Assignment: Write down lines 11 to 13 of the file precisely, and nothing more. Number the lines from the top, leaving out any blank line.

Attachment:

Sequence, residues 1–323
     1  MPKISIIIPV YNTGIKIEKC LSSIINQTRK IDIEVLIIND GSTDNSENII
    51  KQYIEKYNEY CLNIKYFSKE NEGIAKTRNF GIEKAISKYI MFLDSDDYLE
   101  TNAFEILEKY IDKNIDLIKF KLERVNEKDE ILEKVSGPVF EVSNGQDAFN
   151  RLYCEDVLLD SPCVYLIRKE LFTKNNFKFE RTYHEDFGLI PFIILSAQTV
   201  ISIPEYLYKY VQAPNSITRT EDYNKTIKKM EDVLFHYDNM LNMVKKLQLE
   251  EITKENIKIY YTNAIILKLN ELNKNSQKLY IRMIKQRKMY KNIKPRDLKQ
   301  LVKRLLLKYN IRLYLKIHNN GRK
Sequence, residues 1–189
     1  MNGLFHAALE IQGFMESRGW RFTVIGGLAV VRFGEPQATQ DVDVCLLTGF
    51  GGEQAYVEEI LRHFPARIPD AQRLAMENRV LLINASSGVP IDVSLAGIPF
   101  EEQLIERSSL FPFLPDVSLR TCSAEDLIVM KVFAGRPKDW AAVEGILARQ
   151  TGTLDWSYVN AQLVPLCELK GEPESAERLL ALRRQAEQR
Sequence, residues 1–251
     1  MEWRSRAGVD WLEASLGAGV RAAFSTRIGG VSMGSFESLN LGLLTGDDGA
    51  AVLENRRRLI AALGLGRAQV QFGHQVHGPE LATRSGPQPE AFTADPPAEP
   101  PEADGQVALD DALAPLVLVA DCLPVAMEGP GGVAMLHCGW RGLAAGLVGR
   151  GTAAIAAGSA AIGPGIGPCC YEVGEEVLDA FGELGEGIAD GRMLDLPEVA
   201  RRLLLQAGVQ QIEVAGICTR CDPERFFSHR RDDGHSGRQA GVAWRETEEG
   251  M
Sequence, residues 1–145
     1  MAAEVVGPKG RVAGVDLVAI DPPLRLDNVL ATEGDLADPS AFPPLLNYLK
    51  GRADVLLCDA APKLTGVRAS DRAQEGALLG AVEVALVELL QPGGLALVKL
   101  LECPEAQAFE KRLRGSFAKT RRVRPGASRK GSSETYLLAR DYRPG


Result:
    51  GGEQAYVEEI LRHFPARIPD AQRLAMENRV LLINASSGVP IDVSLAGIPF
   101  EEQLIERSSL FPFLPDVSLR TCSAEDLIVM KVFAGRPKDW AAVEGILARQ
   151  TGTLDWSYVN AQLVPLCELK GEPESAERLL ALRRQAEQR